In recent years, the Chinese community has become one of the largest visible minority groups in Canada. It raises the importance of cultural competence in social services targeting this population. As the number of minority service providers increases, ethnic match (i.e., practitioner and client are matched based on their ethnic background) was made possible, and it was believed that ethnic match can ensure practitioners’ cultural competence and improve service quality. Nevertheless, such assumption was not consistently supported by empirical studies. Furthermore, there is a lack of research on ethnic minority practitioners’ lived experiences and their subjective interpretation of cultural competence regarding working with immigrant groups and clients with the same ethnic background. In order to fill the knowledge gap, the present study aims to understand the experiences of minority service providers (including Chinese and non-Chinese practitioners) serving Chinese immigrants in the Greater Toronto Area (GTA).
Using purposing sampling, we recruited participants who have frequent and direct interactions with the Chinese immigrants from various service settings, including settlement agencies, geriatric care centres, schools, churches, health and mental health agencies. Each focus group lasted for 1.5 to 2 hours with open-ended discussion topics related to participants’ experiences with serving the Chinese immigrants. Participants were arranged into different groups according to their language preferences (i.e., Mandarin, Cantonese, or English). Audio-recordings were transcribed in verbatim and analyzed using grounded theory approach.
Seven focus groups were conducted with service providers (n = 44) who had direct interactions with Chinese immigrants in the GTA. Among the participants, all of them are ethnic minority with 59.5% Chinese, 79.5% female and 88.6% immigrants. Four themes emerged: (1) Personal level: Practitioners were more emotionally devoted in serving clients with similar personal or cultural background; however, such professional relationship became overloading and overwhelming. (2) Interpersonal level: Practitioner-client ethnic match benefited service delivery due to language match, greater understanding of nuances and dynamics, and tacit knowledge of cultural norms; (3) Community level: Despite ethnic match, Chinese practitioners felt challenged to be culturally competent when serving Chinese clients due to intra-group variations. (4) Institutional level: Minority practitioners expressed institutional factors that affect their service quality, such as lack of resources, funding requirement, and tokenism.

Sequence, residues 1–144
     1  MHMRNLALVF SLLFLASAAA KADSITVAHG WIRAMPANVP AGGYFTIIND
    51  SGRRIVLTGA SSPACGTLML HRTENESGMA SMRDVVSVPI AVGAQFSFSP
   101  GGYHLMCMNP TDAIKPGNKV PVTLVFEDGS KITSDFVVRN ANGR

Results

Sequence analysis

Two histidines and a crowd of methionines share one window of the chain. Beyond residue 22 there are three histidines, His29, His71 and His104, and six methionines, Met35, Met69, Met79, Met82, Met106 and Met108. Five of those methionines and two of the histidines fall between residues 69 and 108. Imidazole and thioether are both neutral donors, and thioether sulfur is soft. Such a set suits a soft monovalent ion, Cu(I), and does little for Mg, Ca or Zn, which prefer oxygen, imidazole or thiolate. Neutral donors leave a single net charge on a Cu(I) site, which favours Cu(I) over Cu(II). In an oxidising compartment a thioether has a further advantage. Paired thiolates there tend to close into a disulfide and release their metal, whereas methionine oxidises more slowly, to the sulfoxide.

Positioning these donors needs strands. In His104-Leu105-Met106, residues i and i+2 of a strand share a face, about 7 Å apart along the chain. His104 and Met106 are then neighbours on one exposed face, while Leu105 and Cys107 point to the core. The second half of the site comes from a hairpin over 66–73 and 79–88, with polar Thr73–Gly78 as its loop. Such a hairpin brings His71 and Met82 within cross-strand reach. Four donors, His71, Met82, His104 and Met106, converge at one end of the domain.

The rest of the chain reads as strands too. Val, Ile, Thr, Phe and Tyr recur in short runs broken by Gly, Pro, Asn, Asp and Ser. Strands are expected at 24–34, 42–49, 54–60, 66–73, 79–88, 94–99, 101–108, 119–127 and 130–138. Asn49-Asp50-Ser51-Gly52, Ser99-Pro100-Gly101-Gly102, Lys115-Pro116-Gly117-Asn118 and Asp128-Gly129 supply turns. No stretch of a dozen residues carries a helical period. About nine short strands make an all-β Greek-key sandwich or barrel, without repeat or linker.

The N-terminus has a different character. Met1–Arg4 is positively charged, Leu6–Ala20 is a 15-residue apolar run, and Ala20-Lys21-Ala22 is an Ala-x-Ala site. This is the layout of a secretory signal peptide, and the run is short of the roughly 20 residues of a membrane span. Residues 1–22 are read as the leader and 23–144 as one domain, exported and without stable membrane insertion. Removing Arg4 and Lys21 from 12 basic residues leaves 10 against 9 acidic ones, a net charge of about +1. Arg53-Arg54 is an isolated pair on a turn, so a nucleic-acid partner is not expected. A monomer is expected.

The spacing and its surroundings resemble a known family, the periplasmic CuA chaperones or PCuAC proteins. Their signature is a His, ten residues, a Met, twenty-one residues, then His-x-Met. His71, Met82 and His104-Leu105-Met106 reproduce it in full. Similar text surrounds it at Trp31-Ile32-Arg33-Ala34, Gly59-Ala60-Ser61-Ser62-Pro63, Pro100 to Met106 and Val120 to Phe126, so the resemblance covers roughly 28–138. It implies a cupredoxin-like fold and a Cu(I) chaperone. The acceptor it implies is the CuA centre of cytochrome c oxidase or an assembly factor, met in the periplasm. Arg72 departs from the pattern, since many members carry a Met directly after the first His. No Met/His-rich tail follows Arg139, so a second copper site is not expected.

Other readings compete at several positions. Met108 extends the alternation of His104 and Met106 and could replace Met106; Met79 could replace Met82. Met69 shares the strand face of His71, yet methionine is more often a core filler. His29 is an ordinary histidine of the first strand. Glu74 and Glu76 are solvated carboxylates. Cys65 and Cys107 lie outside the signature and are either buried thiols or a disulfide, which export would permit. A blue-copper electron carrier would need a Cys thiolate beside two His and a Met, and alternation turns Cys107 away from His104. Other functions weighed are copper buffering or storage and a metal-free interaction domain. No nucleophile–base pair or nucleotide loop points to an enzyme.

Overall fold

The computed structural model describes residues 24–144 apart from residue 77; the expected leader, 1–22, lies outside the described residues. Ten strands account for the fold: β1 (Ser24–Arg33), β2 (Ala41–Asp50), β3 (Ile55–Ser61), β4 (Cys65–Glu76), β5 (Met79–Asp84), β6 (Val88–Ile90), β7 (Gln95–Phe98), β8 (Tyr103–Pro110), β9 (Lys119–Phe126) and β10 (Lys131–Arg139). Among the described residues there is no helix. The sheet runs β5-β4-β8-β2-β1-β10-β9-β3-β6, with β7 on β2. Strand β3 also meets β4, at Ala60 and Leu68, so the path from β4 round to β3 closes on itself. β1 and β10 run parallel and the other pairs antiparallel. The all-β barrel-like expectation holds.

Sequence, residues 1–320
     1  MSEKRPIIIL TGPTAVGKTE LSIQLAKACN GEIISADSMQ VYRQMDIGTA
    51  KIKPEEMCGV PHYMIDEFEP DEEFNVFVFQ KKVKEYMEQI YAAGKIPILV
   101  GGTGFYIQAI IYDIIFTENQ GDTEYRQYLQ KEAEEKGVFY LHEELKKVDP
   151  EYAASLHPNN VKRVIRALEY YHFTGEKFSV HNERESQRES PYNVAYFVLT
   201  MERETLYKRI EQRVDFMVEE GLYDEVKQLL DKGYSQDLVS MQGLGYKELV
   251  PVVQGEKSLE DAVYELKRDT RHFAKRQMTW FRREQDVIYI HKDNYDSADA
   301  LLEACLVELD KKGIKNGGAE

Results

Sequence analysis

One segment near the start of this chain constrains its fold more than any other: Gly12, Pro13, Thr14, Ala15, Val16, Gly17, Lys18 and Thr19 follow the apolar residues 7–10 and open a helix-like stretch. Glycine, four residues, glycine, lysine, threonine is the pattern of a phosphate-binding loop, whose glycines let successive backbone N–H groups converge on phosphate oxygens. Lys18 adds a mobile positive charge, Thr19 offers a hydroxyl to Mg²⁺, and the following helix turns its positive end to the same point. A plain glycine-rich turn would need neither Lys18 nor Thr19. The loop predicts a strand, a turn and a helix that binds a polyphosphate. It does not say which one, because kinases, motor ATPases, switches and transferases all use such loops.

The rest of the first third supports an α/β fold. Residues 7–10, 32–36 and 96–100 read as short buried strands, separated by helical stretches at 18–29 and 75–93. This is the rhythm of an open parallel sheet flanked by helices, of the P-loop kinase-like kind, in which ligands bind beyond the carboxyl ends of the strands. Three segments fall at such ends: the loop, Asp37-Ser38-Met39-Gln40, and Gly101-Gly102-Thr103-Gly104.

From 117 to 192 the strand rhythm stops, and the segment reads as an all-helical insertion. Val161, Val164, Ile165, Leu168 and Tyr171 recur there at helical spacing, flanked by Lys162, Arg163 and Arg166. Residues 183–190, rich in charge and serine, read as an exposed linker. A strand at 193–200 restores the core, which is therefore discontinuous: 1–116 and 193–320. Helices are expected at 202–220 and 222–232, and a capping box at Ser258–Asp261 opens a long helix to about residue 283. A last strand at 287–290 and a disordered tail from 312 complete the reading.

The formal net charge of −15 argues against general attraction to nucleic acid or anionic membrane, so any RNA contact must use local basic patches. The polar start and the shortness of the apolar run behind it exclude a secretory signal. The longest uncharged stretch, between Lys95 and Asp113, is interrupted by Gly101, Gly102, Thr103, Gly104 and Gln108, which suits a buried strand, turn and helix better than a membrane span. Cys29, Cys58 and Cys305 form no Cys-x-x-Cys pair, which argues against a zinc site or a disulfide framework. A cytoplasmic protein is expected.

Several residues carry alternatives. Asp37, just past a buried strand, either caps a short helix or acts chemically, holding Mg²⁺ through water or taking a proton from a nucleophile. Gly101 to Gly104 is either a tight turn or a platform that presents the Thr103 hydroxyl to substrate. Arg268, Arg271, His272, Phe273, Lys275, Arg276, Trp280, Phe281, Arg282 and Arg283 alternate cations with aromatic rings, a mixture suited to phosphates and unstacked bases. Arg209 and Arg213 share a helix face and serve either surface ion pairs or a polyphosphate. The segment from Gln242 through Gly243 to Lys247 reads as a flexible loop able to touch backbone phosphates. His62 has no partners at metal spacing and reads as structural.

Conclusion and Implications:
Our findings provide a strong evidence for the positive outcomes of practitioner-client ethnic match. However, there are substantial limitations in the such arrangement. While it is plausible to assume that service providers are more culturally competent in serving clients with the same ethnic background, individual differences in terms of political stance, sexual and gender identities, and socioeconomic status should not be overlooked. Institutions should be sensitive to such intra-group variations and avoid tokenism. Finally, service providers from different areas and career levels would be benefit from resources and training on improving both cross- and intra- cultural sensitivity for advancing service delivery.